In the Letter to James, chapter 5 verse 12 it is written, “Above all my beloved, do not swear, either by heaven or by earth or by any other oath, but let you ‘Yes” be yes and you “No” be no, so that you may not fall under condemnation” James 5:12 NRSV.
This post came out of discussion during our weekly Bible Study at Barnes and Noble. We were talking about the vows that the church makes when we baptize a baby. When we pledge to support the church and this congregation with “Our Prayers, Presence, Gifts, Service and Witness,” which led to a discussion of what this means. Which, for me at least, led to the idea of living up to these vows as “authentic faith.” So far in this blog I have tagged several posts as having to do with Authentic Faith, so today I’m going to begin to talk about what that means.
Authentic Faith is often a buzzword used in churches today, a great deal of the time in congregations of particularly conservative persuasion. Now for me, being relatively conservative in Theology, I understand this preoccupation of being authentic. For myself Authentic Faith has a very scriptural basis, and one that I think should apply to the totality of my life. So being authentic is relatively simple live the values that you say are important, authentic for me means something similarly to trustworthy or integrity.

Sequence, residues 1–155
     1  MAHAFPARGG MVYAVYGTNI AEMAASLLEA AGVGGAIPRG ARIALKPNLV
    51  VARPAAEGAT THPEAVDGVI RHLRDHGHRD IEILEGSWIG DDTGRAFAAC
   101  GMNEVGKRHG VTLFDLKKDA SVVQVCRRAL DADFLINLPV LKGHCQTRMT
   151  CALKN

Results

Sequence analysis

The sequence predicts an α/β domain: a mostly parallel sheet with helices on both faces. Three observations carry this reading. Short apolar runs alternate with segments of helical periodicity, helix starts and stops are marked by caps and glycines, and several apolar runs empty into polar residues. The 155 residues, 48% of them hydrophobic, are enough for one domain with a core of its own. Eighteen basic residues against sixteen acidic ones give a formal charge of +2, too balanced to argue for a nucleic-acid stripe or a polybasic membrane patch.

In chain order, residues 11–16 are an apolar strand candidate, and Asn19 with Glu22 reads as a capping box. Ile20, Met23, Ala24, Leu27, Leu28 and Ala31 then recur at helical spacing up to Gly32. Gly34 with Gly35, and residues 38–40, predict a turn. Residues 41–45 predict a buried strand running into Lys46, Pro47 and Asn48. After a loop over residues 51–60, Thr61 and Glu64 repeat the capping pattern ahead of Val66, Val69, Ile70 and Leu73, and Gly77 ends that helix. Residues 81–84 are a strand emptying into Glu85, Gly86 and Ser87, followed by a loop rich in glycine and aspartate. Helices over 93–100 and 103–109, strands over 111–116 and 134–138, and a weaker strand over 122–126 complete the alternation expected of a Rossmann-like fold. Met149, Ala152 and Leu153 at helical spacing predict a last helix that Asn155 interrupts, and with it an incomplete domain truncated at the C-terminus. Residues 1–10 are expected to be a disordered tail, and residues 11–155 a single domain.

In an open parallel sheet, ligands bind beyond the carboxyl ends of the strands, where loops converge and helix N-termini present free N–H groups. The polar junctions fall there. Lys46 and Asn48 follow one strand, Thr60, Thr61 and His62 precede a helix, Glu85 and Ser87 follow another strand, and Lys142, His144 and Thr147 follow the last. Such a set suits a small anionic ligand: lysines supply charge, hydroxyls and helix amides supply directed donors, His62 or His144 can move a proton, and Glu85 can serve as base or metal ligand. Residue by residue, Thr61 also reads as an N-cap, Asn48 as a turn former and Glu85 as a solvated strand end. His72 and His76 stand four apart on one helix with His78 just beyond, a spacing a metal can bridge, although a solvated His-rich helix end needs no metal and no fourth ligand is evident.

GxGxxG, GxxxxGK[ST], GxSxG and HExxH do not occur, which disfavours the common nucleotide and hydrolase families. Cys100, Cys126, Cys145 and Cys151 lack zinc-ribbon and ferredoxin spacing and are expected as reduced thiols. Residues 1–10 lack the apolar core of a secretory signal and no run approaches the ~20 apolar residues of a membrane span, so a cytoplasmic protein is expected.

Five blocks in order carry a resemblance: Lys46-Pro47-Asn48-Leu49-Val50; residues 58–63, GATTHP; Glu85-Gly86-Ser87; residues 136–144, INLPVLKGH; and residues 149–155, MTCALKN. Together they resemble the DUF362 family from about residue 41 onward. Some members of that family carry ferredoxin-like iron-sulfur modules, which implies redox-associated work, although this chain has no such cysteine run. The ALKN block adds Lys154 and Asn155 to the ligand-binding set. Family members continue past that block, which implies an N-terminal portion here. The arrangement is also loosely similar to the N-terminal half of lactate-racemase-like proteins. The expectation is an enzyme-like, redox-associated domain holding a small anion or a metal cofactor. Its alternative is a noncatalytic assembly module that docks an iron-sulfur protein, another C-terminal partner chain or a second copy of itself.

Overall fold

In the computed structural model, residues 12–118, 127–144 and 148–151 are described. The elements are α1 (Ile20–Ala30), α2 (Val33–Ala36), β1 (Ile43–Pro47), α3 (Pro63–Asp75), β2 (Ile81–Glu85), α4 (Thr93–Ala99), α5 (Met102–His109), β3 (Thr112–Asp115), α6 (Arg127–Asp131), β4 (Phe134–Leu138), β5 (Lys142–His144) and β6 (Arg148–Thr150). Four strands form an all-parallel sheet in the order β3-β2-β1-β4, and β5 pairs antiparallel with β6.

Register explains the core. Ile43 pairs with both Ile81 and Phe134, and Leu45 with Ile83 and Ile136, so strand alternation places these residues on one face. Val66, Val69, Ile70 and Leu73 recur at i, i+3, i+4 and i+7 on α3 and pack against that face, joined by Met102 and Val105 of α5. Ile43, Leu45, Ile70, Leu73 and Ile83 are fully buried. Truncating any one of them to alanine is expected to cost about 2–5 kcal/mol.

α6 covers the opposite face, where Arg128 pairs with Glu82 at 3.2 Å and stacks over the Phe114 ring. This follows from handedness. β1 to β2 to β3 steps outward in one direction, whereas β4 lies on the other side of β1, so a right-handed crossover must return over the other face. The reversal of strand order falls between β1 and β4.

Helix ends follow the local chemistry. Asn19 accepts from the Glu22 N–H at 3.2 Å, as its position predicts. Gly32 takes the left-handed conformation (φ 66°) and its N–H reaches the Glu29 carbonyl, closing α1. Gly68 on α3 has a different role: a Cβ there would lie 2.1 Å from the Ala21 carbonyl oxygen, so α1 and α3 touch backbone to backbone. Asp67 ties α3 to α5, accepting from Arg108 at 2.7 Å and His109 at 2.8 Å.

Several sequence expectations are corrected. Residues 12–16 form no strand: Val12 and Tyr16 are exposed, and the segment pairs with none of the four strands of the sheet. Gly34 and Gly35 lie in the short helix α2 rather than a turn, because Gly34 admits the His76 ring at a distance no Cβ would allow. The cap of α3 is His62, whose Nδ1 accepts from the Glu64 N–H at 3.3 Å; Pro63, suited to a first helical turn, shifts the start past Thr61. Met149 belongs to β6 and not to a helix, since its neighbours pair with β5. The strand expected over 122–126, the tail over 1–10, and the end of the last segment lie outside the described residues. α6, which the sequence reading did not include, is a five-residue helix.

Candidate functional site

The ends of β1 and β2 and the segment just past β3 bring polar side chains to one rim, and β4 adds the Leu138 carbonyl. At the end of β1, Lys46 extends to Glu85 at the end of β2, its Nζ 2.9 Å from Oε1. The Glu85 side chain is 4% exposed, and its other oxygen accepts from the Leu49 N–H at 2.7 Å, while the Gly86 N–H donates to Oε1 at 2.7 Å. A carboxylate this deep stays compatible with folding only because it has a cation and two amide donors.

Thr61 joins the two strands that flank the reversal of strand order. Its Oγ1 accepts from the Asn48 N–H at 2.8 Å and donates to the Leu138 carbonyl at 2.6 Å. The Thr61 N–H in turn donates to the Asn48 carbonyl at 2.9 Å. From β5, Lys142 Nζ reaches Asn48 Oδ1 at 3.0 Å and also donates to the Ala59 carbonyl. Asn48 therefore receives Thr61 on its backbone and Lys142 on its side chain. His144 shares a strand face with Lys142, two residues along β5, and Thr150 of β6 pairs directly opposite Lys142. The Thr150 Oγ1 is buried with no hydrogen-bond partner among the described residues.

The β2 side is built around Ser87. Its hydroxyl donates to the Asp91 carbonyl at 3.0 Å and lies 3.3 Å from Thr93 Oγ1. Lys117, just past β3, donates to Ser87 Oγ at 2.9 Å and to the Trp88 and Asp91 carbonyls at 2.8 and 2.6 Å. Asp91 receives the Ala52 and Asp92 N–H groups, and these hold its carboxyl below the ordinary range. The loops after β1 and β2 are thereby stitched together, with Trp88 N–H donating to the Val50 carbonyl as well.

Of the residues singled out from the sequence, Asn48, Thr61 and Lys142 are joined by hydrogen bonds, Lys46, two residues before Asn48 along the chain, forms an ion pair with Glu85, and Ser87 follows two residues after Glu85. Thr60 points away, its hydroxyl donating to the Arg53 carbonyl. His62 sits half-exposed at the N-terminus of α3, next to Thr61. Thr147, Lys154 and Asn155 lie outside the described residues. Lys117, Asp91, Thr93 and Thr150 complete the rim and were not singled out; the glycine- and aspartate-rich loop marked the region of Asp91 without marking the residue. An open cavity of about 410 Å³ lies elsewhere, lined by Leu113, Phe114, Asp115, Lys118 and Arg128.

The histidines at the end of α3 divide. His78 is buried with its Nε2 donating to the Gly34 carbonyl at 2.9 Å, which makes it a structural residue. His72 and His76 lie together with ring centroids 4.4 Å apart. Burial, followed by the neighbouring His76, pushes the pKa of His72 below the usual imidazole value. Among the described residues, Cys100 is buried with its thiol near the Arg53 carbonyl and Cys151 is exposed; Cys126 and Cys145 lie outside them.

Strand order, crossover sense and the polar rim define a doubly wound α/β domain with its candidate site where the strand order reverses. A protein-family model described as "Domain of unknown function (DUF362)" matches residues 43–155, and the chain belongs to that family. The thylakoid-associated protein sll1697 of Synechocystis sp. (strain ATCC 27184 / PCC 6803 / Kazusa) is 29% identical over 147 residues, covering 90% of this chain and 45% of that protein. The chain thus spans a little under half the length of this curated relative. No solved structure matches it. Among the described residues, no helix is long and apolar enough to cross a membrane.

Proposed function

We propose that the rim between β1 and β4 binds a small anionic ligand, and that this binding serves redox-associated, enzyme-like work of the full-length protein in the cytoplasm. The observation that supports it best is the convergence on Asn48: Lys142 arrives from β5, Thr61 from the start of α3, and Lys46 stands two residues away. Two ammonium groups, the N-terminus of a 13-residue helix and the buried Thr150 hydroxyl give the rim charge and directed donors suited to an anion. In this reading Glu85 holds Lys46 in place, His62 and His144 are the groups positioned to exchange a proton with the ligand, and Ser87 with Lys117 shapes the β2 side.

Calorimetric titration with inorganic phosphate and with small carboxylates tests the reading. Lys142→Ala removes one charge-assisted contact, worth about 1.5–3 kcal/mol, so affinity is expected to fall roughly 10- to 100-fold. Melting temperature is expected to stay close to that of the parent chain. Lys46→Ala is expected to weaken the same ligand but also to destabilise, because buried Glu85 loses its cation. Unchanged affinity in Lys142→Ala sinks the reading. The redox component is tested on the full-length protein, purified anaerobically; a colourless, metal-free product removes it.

That is what we are talking about most basically, is integrity. When we study scripture regularly we can see the themes of what Jesus is talking about during his ministry. When we talk about Authentic faith we must define authentic, and we must also determine how we are to live out that faith. Words are incredibly important, but as the old adage goes “actions speak louder than words.” We can talk the talk every day, but what real difference does it make if we do not actually let our words change our actions? If we have an authentic faith what concrete actions does that call you to? Think about that for the next few days…